Republicans offended by the faces of Soldiers?

Soldier Williams, University and Pascal, St. Paul. Photograph by Suzanne Opton.

Photographer Suzanne Opton and Curater Susan Reynolds are collaborators on a project that invloves putting photographs of soldiers on billboards and displaying them in various places around the country. They were due to be on display on five billboards in Minneapolis for about a month beginning on Monday, coinciding with the Republican Convention.

The contract however has been cancelled, with a Jodi Senese, executive vice-president of marketing for CBS Outdoor, the company who owns the advertising space saying:

"We understand that 'Soldier' represents a political art project, and that the individuals depicted are actual soldiers," "Out of context [neither in a museum setting or website] the images, as stand-alone highway or city billboards, appear to be deceased soldiers. The presentation in this manner could be perceived as being disrespectful to the men and women in our armed forces."

Suzanne Opton replied that;

"They don't look dead,"

"It's like you see someone opposite of you with their head on the pillow. We see our lovers and our children in that pose. They look like the heads of fallen statues, and they afford the viewer an intimate look at the face of the young person whose life is at risk, and that was the point.

"When you see soldiers on the news you have no idea who they are. They're representing the United States and they have all that gear on. I wanted to get past all that".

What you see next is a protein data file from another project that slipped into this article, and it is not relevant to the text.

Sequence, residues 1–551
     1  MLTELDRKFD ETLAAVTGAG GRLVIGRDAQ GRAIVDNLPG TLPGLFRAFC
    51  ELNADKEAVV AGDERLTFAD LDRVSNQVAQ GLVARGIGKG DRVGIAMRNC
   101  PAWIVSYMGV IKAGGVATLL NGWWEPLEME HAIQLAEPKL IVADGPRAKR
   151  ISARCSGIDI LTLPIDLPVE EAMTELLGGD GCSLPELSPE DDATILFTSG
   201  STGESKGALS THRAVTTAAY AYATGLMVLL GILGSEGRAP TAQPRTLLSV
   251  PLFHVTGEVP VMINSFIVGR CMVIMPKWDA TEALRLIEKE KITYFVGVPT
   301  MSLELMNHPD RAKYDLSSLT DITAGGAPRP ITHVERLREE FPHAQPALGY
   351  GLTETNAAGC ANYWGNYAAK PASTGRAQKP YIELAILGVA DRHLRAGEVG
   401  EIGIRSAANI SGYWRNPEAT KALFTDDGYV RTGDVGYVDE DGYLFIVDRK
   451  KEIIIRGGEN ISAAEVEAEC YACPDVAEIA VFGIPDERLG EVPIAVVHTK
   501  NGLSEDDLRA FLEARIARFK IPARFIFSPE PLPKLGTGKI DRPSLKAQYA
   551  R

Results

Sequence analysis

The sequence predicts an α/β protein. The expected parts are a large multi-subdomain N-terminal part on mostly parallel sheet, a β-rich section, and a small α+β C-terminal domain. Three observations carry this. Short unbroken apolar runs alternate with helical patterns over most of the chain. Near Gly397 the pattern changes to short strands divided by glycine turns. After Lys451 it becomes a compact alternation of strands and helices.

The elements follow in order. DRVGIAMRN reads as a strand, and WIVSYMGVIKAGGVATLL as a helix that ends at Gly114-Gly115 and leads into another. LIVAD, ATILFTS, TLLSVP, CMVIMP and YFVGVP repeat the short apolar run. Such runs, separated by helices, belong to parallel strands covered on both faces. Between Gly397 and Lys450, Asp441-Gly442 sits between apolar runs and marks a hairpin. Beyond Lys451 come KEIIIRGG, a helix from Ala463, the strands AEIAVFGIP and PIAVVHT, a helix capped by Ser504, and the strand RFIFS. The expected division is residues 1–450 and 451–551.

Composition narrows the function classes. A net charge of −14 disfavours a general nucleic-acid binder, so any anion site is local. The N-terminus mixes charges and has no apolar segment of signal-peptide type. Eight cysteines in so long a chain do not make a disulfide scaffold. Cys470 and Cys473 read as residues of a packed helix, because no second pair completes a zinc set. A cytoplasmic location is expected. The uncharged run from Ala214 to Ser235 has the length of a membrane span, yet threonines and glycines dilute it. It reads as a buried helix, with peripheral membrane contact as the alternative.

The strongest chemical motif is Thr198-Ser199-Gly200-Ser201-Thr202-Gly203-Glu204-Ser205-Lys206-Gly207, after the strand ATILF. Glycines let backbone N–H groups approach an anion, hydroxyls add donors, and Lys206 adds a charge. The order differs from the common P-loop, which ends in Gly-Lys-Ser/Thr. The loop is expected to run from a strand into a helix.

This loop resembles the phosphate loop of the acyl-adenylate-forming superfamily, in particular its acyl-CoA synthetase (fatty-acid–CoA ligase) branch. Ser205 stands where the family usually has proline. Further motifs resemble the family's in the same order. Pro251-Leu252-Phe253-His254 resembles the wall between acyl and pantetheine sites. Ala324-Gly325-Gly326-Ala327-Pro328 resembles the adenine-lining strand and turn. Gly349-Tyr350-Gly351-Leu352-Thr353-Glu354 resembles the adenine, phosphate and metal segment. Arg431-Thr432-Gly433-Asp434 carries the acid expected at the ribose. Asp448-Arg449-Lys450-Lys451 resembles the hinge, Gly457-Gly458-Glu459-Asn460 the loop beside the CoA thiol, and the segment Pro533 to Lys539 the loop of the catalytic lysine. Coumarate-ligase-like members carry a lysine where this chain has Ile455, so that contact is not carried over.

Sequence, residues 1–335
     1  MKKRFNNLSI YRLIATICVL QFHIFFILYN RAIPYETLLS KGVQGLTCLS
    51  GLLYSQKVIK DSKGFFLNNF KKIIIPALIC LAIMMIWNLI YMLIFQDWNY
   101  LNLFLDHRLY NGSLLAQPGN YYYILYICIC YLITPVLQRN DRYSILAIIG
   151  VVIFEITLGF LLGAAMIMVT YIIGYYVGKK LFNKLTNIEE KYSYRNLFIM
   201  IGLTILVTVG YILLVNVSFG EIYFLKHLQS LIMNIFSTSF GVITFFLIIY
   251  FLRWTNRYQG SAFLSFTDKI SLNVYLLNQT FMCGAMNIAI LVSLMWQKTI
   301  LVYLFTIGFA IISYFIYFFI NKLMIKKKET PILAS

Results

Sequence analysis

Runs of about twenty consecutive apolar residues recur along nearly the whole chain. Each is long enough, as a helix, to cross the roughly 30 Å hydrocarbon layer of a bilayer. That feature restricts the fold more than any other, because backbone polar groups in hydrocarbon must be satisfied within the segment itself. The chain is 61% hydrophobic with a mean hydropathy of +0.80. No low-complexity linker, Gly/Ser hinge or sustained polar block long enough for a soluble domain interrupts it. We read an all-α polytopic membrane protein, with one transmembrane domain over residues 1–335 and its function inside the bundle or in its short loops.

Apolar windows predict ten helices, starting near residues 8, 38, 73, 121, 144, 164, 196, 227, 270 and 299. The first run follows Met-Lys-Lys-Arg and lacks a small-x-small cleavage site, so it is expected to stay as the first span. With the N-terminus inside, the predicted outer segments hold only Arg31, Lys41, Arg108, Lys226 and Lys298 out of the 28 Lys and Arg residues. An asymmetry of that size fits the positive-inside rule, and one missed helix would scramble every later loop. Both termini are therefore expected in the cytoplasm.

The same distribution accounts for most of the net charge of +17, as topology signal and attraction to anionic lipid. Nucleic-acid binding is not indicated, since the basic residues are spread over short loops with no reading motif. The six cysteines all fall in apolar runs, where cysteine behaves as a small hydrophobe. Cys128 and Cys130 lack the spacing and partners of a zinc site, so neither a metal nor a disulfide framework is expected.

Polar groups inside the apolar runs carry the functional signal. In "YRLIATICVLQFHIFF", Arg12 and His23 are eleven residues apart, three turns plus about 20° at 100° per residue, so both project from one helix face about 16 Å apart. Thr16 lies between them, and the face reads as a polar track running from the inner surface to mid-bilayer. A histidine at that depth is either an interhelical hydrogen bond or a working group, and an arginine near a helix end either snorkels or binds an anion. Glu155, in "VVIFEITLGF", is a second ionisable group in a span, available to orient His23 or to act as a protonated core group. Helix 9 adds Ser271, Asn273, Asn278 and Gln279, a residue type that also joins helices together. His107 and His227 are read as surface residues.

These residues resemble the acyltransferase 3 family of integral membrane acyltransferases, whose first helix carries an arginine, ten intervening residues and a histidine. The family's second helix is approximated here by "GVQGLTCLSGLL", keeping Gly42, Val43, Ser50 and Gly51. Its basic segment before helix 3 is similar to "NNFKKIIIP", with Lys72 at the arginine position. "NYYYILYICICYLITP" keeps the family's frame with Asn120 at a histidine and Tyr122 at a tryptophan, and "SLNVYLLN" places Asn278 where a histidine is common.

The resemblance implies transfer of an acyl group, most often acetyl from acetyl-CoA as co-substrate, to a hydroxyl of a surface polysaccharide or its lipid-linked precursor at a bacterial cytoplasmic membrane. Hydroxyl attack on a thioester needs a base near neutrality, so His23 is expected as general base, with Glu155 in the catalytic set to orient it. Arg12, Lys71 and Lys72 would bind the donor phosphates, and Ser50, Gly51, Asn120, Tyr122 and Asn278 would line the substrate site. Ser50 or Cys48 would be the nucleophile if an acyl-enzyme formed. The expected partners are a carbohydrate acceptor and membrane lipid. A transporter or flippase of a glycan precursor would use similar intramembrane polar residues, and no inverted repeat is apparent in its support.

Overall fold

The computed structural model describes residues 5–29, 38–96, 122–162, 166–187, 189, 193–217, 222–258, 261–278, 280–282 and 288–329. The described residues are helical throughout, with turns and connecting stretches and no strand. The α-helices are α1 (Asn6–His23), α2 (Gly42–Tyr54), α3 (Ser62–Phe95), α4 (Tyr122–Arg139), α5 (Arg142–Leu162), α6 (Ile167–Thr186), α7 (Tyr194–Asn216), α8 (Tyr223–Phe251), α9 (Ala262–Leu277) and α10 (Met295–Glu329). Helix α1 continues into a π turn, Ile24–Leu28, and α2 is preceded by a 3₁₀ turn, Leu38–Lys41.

I personally can see how the photographs may appear to reference the image of a deceased person lying on a slab in morgue, but the faces - though largely expressionless - appear full of vitality and certainly do not look dead to me. Only the The colours in each soldiers face may also be part of the problem. It brings to mind the criticism that was once levelled against the Impressionist painters at the end of the 19th Century. These artists chose to add vivid greens, yellows, purples blues and reds to their pallete when rendering skin tones. This brought accusations that the people in their paintings appeared corpse like. In fact, if you look closely at a persons skin, it is abound with colours from across the spectrum, even when that person is very much alive and a long way from becoming a bloated decomposed corpse.

The decision to cancel the display of these images is basically censorship and the timing means that political motivation cannot be discounted. Jodi Sense claims that the decision was based upon how the billboard sized images might be perceived by a passing motorist and not by the intentions of either Opton or Reynolds - somthing discussed here.

Billboard, I-690 Syracuse, April-May 2006
~ Photograph © Xie Jiankun.

This at least is consistant with the idea that advertising and propaganda is supposed to tell people how to think and what to do. However, these photographs are not claiming any specific agenda. There is no specific message attached to these images and as a result the viewer should be left to make up their own mind about what these images represent.